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New Report: DC Public School Budget Cuts Fall Most Heavily on Wards 7 and 8

CONTACT: Simone Holzer 202-886-5175

17 of the 20 DC public schools facing steep budget cuts next year are in Ward 7 or Ward 8, according to an analysis by the DC Fiscal Policy Institute. The DCFPI report also finds that overall funding for DCPS will not keep up with rising costs, leading to cuts in many schools.

The report, What’s in the FY 2020 Budget for PreK-12 Education?, takes a deep dive into the proposed education budget for fiscal year (FY) 2020, as part of the DC Fiscal Policy Institute’s annual “Budget Toolkit” series.

DCFPI found that under the proposed budget, per-student funding would grow less than inflation and less than the average cost increase of a DC Public School teacher (Figure 1). The proposed funding increase is 2.2 percent, compared with inflation of 2.4 percent and a 4.3 percent increase in the average cost of a DCPS teacher. That means that overall, schools may not be able to maintain current staff and services.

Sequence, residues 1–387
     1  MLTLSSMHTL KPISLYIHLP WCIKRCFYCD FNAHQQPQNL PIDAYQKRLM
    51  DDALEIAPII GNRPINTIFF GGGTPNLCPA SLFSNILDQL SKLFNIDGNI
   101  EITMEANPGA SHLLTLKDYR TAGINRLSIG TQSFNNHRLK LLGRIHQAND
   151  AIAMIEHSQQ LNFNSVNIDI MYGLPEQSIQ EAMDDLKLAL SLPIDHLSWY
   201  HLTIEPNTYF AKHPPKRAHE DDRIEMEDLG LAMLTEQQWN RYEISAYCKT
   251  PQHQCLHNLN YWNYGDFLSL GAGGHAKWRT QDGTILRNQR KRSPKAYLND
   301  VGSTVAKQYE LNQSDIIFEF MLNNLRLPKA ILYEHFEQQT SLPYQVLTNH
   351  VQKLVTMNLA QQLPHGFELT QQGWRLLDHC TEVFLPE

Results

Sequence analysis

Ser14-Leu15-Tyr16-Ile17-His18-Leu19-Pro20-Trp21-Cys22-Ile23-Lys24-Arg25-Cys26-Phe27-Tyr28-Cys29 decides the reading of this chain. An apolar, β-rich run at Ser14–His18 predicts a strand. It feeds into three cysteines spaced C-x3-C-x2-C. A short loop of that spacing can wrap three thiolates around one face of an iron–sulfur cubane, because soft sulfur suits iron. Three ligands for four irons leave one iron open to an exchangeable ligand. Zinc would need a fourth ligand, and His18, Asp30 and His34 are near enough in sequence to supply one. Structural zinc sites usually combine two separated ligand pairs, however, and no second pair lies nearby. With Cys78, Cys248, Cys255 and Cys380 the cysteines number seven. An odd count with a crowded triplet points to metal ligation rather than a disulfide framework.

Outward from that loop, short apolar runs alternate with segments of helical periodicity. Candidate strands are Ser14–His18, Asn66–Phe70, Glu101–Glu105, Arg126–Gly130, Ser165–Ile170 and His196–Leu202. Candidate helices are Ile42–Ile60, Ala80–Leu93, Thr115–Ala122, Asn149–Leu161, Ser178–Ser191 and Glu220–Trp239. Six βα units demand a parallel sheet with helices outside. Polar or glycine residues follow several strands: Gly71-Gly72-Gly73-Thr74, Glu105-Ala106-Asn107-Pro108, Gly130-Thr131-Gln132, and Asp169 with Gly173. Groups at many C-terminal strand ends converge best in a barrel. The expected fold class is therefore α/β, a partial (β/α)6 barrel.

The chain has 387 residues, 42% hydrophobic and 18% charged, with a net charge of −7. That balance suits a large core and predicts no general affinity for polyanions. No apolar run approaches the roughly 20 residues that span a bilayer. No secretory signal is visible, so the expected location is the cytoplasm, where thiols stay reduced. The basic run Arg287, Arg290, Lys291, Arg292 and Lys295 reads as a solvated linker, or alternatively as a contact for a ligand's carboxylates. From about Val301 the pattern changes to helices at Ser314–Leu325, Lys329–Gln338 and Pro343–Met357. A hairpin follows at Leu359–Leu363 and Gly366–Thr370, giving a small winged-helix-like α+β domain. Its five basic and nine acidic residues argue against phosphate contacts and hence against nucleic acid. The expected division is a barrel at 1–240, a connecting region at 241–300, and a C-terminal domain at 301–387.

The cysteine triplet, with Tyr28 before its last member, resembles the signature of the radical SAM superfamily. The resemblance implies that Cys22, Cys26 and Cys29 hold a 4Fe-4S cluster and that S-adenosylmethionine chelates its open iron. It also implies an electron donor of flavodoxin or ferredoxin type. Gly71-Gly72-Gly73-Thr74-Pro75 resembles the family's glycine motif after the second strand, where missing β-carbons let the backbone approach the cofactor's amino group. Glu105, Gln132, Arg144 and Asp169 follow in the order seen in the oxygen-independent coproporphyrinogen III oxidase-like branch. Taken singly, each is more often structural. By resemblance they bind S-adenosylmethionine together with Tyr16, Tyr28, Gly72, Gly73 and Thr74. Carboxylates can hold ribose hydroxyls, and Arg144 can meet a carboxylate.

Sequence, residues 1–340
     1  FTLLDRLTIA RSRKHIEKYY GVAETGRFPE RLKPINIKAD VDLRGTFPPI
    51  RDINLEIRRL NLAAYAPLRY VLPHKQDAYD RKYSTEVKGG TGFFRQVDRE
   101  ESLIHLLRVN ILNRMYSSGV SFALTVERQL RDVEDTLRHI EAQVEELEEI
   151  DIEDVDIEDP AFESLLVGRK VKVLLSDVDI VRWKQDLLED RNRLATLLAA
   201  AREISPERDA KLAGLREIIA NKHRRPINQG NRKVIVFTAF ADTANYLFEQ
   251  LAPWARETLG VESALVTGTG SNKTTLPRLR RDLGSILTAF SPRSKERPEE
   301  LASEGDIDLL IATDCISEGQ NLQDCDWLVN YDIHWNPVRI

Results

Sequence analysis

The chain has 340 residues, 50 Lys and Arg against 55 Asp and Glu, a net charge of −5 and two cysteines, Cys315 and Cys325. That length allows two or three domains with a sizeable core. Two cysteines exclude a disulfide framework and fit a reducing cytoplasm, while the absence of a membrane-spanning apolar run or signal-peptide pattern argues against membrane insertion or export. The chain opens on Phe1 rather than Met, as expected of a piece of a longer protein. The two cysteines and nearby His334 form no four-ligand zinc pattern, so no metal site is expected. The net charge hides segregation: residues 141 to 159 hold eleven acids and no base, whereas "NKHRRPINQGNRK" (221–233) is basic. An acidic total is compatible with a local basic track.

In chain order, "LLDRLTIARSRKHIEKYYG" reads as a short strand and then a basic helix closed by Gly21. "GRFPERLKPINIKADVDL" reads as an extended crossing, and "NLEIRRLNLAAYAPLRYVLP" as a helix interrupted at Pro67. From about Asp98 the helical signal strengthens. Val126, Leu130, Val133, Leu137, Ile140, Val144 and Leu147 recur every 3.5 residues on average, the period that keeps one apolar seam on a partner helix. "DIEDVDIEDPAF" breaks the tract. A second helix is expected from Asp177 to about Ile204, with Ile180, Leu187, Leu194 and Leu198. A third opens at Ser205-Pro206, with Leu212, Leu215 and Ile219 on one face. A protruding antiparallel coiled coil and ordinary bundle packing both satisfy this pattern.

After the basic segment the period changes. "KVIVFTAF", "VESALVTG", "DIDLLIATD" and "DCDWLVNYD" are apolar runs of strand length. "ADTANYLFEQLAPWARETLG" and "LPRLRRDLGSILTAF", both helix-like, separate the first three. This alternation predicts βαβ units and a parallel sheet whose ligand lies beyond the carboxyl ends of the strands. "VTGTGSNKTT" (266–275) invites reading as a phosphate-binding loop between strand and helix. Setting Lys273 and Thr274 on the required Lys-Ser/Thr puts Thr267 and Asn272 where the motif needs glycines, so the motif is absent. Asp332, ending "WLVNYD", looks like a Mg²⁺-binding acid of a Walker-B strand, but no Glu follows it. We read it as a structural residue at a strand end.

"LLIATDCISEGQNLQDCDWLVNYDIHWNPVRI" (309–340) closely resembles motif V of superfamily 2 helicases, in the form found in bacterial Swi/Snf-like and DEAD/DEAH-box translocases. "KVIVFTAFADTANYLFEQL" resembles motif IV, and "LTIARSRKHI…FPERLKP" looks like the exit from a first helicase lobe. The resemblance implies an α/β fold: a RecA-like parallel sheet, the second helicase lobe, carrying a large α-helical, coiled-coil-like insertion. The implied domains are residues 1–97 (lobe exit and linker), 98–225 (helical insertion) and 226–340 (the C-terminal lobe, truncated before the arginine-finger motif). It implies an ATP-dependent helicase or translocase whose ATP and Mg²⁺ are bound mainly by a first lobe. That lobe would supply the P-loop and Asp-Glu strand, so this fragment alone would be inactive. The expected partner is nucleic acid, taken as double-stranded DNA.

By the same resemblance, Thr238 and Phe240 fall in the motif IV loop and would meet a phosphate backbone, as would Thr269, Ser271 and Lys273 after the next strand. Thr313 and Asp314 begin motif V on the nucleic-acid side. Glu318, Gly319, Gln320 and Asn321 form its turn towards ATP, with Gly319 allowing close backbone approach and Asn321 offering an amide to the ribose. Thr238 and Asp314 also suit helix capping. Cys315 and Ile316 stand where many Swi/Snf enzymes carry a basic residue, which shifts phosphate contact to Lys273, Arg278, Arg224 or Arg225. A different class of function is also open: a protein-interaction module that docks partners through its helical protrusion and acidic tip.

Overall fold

Figure 1.

DCFPI’s analysis also noted that the proposed DCPS budget includes a wide range of winners and losers. Notably, the schools losing funding are mostly east of the Anacostia River. DCFPI identified 20 schools that will see funding cuts of 5 percent or more, when security costs are not included, using data compiled by DCPS budget expert Mary Levy. Of those 20 schools, 17 are in Ward 7 or Ward 8 (Table 1). (Security costs were included in local school allocations for the first time in the proposed FY 2020 budget.)

“A funding formula that leaves schools in our lowest-income communities worst off is broken,” said Ed Lazere, Executive Director of DCFPI. “The proposed schools’ budget is a step backward from the goal of achieving educational equity.”

The report also notes that under the proposed budget DCPS will continue to divert half of the resources intended to serve students considered “at-risk”. Analysis by Mary Levy suggests that at least half of the DCPS at-risk funds are being used to supplant core staffing and services, rather than being used as intended—to provide supplemental services to help students succeed.

“Year in and year out, our leaders talk about the urgency of eliminating educational achievement inequities, yet they put forward budgets that we know will perpetuate these inequities. As a prosperous city, we can and should do more to focus education resources on the students who are being left behind,” said Lazere.

Table 1.


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